Born in 1947 in Oahu, Hawaii, Nakahara made her TV debut on "MASH," playing a nurse with an unrequited crush on womanizing Hawkeye Pierce (Alan Alda).
Though she worked on the show from 1973-1983, it wasn't until the 1982 "Hey, Look Me Over" episode that her character was given front-burner status. In it, Nurse Yamato scolded Hawkeye for not noticing her properly, telling him in a classic speech, "For your information, I happen to have a fantastic sense of humor, a bubbly personality and I am warm and sensitive like you wouldn't believe. I also sing and play the guitar and I'm learning to tap dance. And on top of all that, I happen to be cute as hell."
In 2016, she told NPR that episode jump-started interest in her character. "I got mail," she said. "I still get mail. I have people coming up to me that say, 'As far as being Asian, you're the first role model that I had of an Asian that wasn't portrayed as an Asian, just as a person.'"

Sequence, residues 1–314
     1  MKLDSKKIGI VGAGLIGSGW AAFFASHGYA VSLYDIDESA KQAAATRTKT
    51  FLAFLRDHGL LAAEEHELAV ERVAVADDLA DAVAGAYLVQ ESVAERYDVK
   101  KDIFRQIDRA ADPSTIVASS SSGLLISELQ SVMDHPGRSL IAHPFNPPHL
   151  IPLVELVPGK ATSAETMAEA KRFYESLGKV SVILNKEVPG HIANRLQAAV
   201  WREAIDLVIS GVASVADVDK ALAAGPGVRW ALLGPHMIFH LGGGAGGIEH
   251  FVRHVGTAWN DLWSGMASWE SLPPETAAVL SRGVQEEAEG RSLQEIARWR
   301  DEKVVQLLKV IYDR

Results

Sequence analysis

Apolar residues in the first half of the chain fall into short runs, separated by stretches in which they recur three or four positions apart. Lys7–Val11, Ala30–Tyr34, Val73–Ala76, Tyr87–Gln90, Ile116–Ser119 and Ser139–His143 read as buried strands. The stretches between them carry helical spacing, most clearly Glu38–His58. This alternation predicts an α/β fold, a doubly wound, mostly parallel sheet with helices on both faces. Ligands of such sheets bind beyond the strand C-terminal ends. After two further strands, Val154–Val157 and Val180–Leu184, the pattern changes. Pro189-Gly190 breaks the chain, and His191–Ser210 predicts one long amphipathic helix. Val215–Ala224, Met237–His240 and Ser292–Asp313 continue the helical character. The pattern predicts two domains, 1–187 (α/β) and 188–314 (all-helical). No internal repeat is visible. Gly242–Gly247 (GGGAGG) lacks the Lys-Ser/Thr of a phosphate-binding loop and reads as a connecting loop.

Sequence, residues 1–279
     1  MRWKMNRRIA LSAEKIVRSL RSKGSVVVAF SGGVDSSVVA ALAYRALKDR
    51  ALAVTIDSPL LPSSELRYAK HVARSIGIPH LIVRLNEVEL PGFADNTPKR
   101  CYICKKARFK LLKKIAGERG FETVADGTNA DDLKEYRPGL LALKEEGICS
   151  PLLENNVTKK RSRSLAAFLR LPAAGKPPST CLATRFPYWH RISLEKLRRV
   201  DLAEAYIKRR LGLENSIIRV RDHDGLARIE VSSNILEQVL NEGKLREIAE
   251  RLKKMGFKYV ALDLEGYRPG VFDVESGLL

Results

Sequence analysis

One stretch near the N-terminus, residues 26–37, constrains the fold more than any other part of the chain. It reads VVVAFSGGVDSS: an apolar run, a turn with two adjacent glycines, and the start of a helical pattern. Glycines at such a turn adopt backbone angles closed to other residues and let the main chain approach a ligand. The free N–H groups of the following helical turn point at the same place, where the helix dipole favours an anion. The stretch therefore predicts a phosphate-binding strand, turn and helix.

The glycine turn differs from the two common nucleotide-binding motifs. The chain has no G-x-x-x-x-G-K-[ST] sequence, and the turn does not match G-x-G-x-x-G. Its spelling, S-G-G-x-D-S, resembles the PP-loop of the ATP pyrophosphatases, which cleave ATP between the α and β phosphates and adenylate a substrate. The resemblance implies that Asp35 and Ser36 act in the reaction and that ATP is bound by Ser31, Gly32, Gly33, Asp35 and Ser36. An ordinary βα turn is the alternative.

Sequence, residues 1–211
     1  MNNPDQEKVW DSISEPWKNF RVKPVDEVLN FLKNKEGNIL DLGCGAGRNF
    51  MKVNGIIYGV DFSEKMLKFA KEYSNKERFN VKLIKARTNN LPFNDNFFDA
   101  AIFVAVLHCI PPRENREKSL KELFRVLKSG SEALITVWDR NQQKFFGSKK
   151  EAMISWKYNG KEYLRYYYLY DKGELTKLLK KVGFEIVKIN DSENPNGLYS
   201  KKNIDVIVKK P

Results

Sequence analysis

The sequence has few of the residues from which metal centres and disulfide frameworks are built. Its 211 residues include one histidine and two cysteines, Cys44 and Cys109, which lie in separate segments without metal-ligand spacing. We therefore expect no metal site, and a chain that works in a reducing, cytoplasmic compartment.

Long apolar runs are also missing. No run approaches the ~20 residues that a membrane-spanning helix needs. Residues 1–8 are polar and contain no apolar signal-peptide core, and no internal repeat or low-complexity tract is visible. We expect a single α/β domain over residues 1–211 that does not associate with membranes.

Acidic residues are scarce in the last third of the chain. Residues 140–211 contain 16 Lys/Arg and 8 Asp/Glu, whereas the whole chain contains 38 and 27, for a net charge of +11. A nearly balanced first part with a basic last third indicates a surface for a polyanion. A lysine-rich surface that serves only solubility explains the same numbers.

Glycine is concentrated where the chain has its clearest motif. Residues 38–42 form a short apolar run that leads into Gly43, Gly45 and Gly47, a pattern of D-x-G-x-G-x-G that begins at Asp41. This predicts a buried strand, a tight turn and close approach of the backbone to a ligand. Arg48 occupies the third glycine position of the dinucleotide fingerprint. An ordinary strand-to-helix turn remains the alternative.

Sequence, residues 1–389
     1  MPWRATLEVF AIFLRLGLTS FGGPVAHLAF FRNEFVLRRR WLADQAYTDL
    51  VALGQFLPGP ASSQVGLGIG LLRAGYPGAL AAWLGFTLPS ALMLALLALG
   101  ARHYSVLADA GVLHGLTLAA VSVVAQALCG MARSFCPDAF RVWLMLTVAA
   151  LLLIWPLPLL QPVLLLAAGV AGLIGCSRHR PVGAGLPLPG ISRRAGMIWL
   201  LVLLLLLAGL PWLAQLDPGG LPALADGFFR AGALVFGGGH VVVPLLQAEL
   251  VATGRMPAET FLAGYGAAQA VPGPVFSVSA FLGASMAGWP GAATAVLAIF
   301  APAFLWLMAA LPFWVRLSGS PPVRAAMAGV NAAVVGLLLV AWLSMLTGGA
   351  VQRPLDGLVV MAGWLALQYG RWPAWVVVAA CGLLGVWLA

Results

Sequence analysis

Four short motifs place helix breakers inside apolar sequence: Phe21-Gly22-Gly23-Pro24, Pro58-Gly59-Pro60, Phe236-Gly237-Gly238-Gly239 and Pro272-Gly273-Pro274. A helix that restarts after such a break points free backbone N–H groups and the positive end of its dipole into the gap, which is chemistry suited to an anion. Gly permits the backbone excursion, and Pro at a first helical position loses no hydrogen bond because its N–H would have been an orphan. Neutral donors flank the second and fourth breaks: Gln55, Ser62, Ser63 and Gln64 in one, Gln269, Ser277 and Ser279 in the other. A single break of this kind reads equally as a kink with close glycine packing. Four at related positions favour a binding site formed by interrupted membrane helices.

In the same Q&A, she recalled hosting potluck dinners for the cast after the show ended.
Nakahara's other most memorable role was as the cook in the cult-classic movie "Clue" (1985).
Along with an appearance in the John Hughes-directed "She's Having a Baby" (1988), Nakahara made episodic-TV guest spots on such shows as "Little House on the Prairie" (1982), "Hunter" (1985), and "Growing Pains (1991). She was Beagle Woman in the 1998 Eddie Murphy version of "Doctor Dolittle," retiring after voicing Yak on "The Wild Thornberrys" (2000).
She is survived by her husband, David Wallett, two children and four grandchildren.